“You don’t just write a song to communicate,” Black explained. “When I write, I don’t always know what I’m going to say.”

Such haphazard writing has led to fun, silly songs like “Ooh, I Love My Coffee,” or “I Love You Rachel Maddow.” Yet, not all of Black’s writings are love poems to inanimate things and CNN stars. Black’s inspiration also comes from themes such as love, kids and life in general. After one of Black’s friends awoke from a stroke-induced coma, the two created an album called “Stroke of Genius.” Some of the 13 songs on the album will be played at the Songwriters Festival.

“It was therapeutic for my friend and enlightening for the rest of us,” Black added. “Life is a continuum.”

As for local talent, Johnny Barbato is looking to bring something to the festival that the audience hasn’t heard before.

“I’m a performer first and a writer second,” Barbato said. “I pay attention to what the audience wants to hear. If someone plays a slow song before me, I’ll pick it up a bit. I don’t have a plan. I play as I see fit.”

When you listen to Barbato’s music, it isn’t just entertaining, but a lesson learned.

“My music is always about me and my life,” Barbato explained. “I learn things the hard way and write about it. As long as I keep making mistakes, I have something to write about.”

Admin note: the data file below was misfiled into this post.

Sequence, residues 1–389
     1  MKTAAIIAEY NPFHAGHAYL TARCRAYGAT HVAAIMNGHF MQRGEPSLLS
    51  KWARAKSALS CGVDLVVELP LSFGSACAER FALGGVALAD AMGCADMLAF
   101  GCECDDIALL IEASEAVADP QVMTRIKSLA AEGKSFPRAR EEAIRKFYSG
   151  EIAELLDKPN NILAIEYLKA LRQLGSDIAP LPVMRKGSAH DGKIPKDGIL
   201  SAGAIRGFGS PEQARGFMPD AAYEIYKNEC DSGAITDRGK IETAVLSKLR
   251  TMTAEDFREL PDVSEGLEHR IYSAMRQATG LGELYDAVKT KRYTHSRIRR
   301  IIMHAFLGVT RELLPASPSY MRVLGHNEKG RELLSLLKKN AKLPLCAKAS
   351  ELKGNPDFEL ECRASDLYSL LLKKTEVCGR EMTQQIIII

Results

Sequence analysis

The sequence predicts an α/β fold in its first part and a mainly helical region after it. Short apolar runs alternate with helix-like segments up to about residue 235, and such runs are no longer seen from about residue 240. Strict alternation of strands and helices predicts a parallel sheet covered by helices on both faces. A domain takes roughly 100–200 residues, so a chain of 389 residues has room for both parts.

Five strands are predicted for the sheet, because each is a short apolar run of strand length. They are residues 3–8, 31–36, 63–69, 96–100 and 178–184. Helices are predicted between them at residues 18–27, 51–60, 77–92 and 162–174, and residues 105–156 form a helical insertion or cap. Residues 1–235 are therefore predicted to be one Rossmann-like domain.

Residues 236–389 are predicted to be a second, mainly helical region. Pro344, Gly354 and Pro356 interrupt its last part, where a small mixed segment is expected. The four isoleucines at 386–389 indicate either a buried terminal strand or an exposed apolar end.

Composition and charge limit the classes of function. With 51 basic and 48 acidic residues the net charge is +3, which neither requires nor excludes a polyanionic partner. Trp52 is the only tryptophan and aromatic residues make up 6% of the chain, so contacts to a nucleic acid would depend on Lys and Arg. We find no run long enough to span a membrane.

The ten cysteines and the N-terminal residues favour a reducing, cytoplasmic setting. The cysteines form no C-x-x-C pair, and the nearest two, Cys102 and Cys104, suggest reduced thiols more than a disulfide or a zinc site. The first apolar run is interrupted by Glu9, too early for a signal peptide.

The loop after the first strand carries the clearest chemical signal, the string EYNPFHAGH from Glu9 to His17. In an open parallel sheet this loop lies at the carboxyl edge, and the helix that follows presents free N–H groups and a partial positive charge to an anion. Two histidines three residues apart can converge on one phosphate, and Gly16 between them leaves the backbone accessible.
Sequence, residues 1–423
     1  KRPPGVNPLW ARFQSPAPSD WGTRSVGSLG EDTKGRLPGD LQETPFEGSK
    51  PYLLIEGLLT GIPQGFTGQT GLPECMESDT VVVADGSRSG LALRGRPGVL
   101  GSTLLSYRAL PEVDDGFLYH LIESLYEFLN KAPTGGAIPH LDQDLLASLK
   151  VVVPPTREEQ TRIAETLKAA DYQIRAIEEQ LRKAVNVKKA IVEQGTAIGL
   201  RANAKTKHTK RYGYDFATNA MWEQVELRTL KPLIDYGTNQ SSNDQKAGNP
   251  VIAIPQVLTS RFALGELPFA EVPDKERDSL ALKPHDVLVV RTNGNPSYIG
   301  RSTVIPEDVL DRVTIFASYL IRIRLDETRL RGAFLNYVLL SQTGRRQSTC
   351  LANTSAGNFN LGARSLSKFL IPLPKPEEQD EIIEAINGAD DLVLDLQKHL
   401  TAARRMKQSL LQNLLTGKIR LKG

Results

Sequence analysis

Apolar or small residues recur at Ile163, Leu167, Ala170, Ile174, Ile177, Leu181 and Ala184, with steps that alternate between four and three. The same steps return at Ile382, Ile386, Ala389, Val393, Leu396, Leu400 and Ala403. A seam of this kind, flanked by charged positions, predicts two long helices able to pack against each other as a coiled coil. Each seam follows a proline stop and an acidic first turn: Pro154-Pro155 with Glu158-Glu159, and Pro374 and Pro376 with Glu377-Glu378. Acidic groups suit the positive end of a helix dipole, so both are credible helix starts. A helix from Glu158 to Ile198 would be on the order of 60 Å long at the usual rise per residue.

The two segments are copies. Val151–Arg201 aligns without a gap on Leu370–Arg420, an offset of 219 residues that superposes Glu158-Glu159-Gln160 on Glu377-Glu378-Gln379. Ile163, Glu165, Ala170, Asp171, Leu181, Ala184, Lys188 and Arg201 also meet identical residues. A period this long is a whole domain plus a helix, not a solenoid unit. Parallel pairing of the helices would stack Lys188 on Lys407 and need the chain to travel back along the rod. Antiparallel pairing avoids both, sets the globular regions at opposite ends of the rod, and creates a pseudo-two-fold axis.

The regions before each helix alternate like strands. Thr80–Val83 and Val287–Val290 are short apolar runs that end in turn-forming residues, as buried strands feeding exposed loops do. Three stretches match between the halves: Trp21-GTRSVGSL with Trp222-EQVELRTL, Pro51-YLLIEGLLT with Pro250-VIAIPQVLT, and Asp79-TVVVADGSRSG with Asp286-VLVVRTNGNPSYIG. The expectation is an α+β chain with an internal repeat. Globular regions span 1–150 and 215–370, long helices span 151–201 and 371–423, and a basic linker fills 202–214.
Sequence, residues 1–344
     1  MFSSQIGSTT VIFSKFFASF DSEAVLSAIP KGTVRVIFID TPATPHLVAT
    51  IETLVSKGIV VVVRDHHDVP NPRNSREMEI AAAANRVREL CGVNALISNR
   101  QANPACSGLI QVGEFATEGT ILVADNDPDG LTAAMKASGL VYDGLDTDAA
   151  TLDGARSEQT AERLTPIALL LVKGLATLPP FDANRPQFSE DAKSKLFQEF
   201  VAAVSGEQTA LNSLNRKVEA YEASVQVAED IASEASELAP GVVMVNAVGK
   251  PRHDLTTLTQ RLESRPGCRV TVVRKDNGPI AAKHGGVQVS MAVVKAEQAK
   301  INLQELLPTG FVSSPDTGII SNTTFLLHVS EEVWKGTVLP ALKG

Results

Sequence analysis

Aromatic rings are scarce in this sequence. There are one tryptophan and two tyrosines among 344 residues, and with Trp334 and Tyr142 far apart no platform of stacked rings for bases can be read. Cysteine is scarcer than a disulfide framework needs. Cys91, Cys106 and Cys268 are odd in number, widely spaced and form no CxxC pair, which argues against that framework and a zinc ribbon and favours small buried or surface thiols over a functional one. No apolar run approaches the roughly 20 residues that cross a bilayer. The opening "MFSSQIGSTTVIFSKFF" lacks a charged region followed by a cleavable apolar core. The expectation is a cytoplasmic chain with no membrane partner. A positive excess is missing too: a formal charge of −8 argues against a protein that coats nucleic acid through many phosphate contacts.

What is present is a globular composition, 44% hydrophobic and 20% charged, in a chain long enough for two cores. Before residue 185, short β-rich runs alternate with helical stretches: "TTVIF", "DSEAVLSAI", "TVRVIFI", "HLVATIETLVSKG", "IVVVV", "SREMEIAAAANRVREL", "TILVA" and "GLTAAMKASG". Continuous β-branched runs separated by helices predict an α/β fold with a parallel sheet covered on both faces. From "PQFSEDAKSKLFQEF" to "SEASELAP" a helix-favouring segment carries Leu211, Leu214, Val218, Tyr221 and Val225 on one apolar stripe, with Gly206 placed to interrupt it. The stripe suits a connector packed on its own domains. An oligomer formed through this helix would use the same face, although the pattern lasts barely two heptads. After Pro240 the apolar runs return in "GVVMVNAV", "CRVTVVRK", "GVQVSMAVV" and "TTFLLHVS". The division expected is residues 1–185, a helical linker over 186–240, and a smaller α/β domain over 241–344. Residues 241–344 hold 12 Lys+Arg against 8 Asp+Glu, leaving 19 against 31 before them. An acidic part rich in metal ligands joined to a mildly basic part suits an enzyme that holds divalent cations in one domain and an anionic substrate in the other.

With 50 years of music, the Purple Heart and a Grammy nomination under his belt, Gary Talley is one songwriter who definitely has a story to tell. Talley was the lead guitarist for the 1960s group, The Box Tops. Hits such as “Cry Like a Baby” and “The Letter” feature Talley’s guitar playing.

Talley will be playing and working at the festival. On Saturday, Oct. 2 you will be able to attend a free guitar workshop with Talley at Blues Angel Music. Talley teaches guitar in his hometown of Nashville, passing his talents down to children and creating a new generation of singers and songwriters.

“I think there are some enormously talented people out there,” Talley said. “Children are learning faster at a younger age. It’s pretty cool. I have some students who will be big music stars. They’re super talented.”

Maybe this new breed of talent will grace the stages at the Songwriters Festival one day. Until then, sit back, enjoy our beautiful beach and listen to what these songwriters have to tell us.

THE PENSACOLA BEACH SONGWRITERS FESTIVAL

WHEN: Monday-Sunday, Sept. 27-Oct. 3

WHERE: Pensacola Beach

COST: Free

DETAILS: pensacolabeachsongfest.com

Celebrity Songwriters’ Mini Putt Putt Golf Tournament

WHEN: 11 a.m. and 2 p.m. Thursday, Sept. 30

WHERE: Tiki Island Fantasy Golf & Games, 2 Via De Luna Dr., Pensacola Beach